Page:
Marketing research and theory

 

I was inspired by the article (or open letter) written by Terry H. Grapentine and R. Kenneth Teas entitled “From Information to Theory: it’s time for a new definition of marketing research” which appears on the AMA’s website, marketingpower.com (accessed October 2012)

The authors debate the importance of theory in marketing research and urge for the rightful place of “theory” and the “creation of knowledge” in the American Marketing Association’s definition of marketing research. 
 
They propose a new definition of marketing research to read as follows (and adds the words “theory” and “to create knowledge” which currently do not appear in the definition):
 
“The primary goal of marketing research is to develop and test theories that seek to explain and predict marketing phenomena with the view of using this understanding to improve business decision-making. In this capacity, marketing research is the function that links the consumer, customer and public to the marketer through this understanding. It creates knowledge used to identify and define marketing opportunities and problems; generate, refine and evaluate marketing actions; monitor marketing performance; and improve understanding of marketing as a process. Marketing research specifies the knowledge required to address these issues, designs the method for collecting appropriate information, manages and implements the data collection process, analyzes the results, and communicates the findings and their implications.”  I bet its been a while since you read this definition!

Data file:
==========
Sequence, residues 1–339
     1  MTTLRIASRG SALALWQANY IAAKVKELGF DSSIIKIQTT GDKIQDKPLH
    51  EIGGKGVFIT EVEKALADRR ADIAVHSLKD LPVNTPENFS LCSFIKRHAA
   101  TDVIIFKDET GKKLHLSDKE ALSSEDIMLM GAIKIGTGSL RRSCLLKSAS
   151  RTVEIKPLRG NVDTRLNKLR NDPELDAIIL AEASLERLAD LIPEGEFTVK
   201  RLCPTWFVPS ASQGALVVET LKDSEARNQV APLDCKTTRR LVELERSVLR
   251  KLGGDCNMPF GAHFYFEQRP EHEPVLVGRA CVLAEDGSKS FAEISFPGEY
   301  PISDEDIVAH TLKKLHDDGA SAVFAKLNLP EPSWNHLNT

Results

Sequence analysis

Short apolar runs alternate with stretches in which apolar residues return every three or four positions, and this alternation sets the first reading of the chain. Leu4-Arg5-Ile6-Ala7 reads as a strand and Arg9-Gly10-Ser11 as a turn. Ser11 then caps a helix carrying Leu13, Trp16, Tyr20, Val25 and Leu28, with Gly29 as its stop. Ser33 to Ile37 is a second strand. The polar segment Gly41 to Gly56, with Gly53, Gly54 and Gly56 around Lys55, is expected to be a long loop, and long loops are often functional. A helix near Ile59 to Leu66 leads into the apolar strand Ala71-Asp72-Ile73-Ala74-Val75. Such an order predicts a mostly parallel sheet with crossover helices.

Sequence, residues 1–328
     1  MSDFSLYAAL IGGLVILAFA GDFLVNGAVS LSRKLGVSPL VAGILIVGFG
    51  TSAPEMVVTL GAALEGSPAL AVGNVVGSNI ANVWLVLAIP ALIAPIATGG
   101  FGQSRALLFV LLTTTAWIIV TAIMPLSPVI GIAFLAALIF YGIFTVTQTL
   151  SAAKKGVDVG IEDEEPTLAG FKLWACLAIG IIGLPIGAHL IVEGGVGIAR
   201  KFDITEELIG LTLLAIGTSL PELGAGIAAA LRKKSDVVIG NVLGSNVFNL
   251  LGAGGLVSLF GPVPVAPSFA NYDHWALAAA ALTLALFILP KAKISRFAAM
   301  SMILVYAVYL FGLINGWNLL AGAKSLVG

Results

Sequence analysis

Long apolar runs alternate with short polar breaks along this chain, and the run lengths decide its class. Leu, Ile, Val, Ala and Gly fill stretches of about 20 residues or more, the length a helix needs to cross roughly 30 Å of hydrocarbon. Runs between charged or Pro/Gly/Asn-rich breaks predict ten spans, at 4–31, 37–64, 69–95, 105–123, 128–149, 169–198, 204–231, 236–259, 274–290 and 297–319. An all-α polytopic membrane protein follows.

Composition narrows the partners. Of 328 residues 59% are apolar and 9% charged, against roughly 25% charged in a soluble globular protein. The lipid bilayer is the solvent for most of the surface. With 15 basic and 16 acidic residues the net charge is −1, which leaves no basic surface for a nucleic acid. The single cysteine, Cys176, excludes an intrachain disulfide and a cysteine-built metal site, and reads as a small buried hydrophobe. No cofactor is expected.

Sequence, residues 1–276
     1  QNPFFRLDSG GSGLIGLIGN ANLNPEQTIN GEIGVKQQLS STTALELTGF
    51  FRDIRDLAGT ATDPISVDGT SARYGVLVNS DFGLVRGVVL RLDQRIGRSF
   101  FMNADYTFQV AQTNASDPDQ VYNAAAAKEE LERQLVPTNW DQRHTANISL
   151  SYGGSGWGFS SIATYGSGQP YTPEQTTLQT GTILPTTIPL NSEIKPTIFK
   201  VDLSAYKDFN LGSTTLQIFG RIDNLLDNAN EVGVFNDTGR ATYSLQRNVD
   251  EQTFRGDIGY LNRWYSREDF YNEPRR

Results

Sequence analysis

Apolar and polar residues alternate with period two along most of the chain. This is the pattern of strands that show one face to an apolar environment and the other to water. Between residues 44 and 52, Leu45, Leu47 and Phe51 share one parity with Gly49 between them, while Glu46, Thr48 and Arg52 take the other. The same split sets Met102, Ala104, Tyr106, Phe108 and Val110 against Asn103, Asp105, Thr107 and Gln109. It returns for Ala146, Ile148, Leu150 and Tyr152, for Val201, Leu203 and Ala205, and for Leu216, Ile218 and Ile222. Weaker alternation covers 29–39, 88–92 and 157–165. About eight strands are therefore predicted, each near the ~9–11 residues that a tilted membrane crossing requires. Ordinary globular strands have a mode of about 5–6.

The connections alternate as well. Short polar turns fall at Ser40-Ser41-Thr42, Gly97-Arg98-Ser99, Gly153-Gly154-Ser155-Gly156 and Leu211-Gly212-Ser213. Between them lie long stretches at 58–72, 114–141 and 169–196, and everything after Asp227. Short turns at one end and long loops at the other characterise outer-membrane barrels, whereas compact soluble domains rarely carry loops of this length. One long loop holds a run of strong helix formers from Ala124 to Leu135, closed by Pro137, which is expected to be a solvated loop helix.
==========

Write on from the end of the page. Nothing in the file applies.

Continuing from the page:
I could not be in more agreement with their argument. I have always thought that marketing research, at least as practiced by most commercial researchers, seriously lack the necessary understanding, acknowledgment and incorporation of marketing theory. 
 
Marketing theory is the fundamental building block of marketing, just as other disciplines such as science is built upon theories of physics (think of the contributions by Newton and Einstein). Theory is built upon one or more hypotheses, and over time theory is proven or disproven. Over time, proven theories become the law of the land by which we all knowingly or unknowingly abide and which eliminates the need to reinvent the wheel. Over time theories evolve but they never disappear. Theories facilitate the creation of knowledge which lasts long beyond the creation of information. Which makes me think – in marketing research, do we only create information with no emphases on the creation of long lasting knowledge?